Sir William Crookes OM PRS

scientist, Knight Bachelor (from 1897), Order of Merit recipient (from 1910), and 41st President of the Royal Society (1913-1915)

Died aged c. 87

Sir William Crookes OM PRS (/krʊks/; 17 June 1832 – 4 April 1919) was a British chemist and physicist who attended the Royal College of Chemistry, now part of Imperial College London, and worked on spectroscopy. He was a pioneer of vacuum tubes, inventing the Crookes tube which was made in 1875. This was a foundational discovery that eventually changed the whole of chemistry and physics. He is credited with discovering the element thallium, announced in 1861, with the help of spectroscopy. He was also the first to describe the spectrum of terrestrial helium, in 1865. Crookes was the inventor of the Crookes radiometer but did not discern the true explanation of the phenomenon he detected. Crookes also invented a 100% ultraviolet blocking sunglass lens. For a time, he was interested in spiritualism and became president of the Society for Psychical Research.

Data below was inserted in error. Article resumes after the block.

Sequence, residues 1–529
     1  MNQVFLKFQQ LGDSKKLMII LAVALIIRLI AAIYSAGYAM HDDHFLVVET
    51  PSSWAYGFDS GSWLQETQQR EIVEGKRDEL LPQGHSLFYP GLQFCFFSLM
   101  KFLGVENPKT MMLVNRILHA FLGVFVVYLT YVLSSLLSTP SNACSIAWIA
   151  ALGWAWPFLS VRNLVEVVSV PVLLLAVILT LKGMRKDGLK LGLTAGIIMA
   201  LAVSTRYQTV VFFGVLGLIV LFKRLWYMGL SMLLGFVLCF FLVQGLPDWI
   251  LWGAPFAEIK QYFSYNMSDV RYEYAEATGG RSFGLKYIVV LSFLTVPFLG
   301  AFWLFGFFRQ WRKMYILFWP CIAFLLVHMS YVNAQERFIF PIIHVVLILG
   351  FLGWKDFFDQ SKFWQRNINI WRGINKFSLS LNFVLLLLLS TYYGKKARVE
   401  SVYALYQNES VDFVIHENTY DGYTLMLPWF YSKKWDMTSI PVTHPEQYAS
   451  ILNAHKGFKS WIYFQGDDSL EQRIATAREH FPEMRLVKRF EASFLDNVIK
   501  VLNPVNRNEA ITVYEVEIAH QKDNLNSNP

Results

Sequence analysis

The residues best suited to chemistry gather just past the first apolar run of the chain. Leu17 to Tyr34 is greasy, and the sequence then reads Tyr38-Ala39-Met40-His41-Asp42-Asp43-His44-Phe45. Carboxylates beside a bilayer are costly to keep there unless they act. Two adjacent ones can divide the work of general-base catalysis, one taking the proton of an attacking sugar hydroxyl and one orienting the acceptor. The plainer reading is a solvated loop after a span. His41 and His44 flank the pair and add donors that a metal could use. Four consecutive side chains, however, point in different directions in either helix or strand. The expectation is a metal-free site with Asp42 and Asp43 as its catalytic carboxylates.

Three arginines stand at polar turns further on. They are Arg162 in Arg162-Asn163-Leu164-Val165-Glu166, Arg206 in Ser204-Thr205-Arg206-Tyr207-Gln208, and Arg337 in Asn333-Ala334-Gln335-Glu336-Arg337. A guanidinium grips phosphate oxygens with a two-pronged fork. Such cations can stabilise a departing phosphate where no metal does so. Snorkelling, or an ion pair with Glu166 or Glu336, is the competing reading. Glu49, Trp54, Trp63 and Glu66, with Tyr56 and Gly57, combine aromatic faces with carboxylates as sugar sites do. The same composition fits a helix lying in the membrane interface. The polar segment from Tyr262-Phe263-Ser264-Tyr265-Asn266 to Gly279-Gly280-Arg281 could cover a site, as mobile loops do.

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Commemorated on 1 plaque

Sir William Crookes 1832-1919 scientist lived here from 1880 until his death

7 Kensington Park Gardens, Notting Hill, W11, London, United Kingdom where they lived (1880-1919)